Reading is extremely important for kids, as it is the foundation and backbone of knowledge. A child’s reading skill is crucial to their academic success in school.– Ms Norashikin Haslir, the founder of PlayDate Singapore
(WATCH: PlayDate: Where books come out to play…)
The class at PlayDate Singapore is a literary playground, where preschoolers participate in storytelling and learn their letters and phonics.
Today, Ms Norashikin Haslir, the founder of PlayDate Singapore, was preparing to read a story to her class of exuberent 2- to 3-year-olds.
“Hush, kids, it’s story time!” The children quickly gathered around Ms Norashikin, and within minutes they were completely absorbed in her animated rendition.
After the lesson, we sat down with the passionate teacher, who is trained in speech and drama, phonics and early childhood.
During the interview, she enthusiasticallyn expounded on the benefits of reading aloud.
“PlayDate teaches children how to love to read. It is not only about the skills in reading, but it is more towards developing their love for reading,” said Ms Norashikin.
“PlayDate is all about love. To nurture kids’ love for reading, I must have teachers who love the kids. Our teachers are passionate and patient individuals who are willing to be clowns to engage the kids,” she added.
Epoch Times (ET): Why is it important to read aloud to kids?
Ms Norashikin: Reading is extremely important for kids, as it is the foundation and backbone of knowledge.
A child’s reading skill is crucial to their academic success in school.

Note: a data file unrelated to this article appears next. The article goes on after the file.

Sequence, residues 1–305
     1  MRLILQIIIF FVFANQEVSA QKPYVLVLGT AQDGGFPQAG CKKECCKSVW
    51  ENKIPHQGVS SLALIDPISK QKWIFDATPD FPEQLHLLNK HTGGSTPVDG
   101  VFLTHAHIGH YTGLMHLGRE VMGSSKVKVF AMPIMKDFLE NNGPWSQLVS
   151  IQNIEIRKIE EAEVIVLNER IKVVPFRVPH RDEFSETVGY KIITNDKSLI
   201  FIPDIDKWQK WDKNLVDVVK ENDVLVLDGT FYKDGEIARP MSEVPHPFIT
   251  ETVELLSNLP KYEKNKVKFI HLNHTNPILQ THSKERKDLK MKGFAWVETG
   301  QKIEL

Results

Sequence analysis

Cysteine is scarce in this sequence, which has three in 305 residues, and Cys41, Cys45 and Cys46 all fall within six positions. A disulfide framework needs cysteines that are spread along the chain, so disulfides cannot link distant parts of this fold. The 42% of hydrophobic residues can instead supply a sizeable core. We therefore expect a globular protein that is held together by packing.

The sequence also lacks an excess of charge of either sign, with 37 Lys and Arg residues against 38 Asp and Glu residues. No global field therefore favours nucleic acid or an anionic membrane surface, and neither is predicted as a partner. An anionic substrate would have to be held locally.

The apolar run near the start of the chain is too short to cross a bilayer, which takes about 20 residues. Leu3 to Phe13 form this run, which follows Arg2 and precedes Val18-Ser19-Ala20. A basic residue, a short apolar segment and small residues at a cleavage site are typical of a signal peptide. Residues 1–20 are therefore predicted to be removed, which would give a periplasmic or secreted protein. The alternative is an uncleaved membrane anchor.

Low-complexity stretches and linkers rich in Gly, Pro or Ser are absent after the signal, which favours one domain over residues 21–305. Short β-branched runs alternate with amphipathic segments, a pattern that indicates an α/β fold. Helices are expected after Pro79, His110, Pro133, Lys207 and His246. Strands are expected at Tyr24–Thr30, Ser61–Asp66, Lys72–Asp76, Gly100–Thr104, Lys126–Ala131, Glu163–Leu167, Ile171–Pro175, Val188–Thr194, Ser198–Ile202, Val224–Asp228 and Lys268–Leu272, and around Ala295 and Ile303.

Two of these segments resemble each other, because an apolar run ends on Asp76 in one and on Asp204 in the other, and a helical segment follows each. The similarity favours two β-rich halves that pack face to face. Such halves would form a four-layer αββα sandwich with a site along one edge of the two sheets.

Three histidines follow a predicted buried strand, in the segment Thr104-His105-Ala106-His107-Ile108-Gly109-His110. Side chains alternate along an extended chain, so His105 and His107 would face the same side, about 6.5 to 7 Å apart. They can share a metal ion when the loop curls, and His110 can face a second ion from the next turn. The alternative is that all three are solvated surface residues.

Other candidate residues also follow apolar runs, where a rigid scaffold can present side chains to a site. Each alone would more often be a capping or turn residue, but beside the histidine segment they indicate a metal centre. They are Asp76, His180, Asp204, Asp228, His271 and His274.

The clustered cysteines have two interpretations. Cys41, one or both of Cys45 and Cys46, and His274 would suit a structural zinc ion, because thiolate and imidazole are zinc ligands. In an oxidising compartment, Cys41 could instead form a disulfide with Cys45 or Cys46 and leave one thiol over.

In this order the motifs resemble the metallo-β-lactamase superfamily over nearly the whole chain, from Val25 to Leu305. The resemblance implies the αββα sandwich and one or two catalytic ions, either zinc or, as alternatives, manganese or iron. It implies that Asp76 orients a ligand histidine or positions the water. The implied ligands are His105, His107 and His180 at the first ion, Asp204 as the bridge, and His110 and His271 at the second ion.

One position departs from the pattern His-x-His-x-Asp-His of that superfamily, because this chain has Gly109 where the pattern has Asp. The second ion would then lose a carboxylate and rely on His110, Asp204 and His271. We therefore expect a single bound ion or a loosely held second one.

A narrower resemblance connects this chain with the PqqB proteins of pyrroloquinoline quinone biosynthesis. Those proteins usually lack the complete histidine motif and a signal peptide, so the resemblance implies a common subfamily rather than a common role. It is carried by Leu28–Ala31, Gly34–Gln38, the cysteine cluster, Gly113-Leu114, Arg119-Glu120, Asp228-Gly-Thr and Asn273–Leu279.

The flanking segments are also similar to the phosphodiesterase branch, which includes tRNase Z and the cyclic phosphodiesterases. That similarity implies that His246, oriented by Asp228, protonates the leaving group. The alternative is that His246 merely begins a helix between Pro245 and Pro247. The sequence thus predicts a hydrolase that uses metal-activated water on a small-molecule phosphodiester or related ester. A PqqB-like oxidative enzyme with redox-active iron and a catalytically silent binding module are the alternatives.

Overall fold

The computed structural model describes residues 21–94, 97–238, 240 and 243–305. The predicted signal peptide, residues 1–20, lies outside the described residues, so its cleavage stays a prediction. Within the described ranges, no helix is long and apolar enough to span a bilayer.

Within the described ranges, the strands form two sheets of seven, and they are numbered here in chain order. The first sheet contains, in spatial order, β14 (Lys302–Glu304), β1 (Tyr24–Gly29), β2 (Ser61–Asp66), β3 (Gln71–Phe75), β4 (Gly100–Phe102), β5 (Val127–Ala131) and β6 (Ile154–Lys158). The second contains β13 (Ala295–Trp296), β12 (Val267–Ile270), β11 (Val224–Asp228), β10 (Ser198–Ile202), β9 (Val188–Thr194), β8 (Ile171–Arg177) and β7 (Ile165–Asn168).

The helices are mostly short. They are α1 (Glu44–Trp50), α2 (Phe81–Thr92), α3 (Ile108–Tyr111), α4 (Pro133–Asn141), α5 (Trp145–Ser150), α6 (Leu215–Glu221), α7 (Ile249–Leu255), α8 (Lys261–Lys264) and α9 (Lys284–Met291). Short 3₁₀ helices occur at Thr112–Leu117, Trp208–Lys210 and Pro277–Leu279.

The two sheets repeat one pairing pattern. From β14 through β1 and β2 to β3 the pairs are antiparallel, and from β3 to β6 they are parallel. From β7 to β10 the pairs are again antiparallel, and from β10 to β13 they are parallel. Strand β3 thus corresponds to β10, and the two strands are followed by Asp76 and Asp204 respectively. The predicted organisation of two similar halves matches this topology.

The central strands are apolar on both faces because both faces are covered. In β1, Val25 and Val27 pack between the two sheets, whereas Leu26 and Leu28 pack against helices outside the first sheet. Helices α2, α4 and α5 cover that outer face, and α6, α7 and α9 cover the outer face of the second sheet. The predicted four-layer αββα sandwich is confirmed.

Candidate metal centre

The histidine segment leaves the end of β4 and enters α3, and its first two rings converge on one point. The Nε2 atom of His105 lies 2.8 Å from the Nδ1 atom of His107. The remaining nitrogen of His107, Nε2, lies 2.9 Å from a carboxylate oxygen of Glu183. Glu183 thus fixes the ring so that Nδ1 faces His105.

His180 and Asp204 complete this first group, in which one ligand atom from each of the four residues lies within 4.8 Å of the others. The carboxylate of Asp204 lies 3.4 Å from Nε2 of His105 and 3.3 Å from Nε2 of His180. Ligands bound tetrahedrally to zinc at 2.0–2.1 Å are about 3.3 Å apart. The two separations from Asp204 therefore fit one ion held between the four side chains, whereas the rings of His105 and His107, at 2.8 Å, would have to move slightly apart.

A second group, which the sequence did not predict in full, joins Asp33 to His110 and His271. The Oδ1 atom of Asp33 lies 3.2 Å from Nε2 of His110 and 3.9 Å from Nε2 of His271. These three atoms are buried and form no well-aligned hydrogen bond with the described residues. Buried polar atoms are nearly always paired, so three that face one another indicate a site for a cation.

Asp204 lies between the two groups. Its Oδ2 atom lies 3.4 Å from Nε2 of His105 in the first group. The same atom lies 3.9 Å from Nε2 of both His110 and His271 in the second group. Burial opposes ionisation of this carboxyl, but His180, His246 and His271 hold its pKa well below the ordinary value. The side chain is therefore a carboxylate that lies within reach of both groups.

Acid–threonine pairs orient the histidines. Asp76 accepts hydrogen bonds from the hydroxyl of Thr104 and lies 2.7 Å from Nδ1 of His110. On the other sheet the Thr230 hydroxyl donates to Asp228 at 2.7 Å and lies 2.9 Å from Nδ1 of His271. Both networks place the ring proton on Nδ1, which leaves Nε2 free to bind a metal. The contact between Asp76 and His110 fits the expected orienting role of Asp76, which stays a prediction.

If your child does not know how to read, it will be difficult for him to acquire knowledge. If your child has the right knowledge, he can do a lot of wonderful things.
I advise parents to make it a routine every night to read aloud to their children from a very young age.
We advocate very much in reading aloud stories to kids, as this is the starting point to get your child to read.
When you read aloud, your child will get used to the intonation, rhymes and rhythm. And once they are used to it, teaching them the skills of reading would be very easy.
I started reading to my daughter when she was a baby, and made it a routine to read at least three books to her every night.
When she was around two and a half years old, before reaching [the age of] three, she began reading by herself without me teaching her how to read.
Furthermore, it is a great bonding time for you and your child to curl up together reading a good book.
Once your child associates reading with love, then it will become very natural for them to want to learn how to read.
ET: What should parents take note of when reading aloud to kids?
1) Create a conducive environment
There should be no distractions (such as TVs or handphones) in the room; just you and your child.
2) Be calm and in the right state of mind
Don’t do it when you are highly stressed, you will feel that it is a chore.
Choose a time when you are relaxed, when you have taken your bath and dinner, that’s when you are a bit calmer.
As children are very perceptive human beings, they will know if you are feeling stressed when you read. If you are not enjoying it, the child will not too.
3) Do it as a routine, and set aside a fixed time
When you create that routine, the child will eventually come to know that it is story time before going to bed.
4) Start with three books
Begin with three books.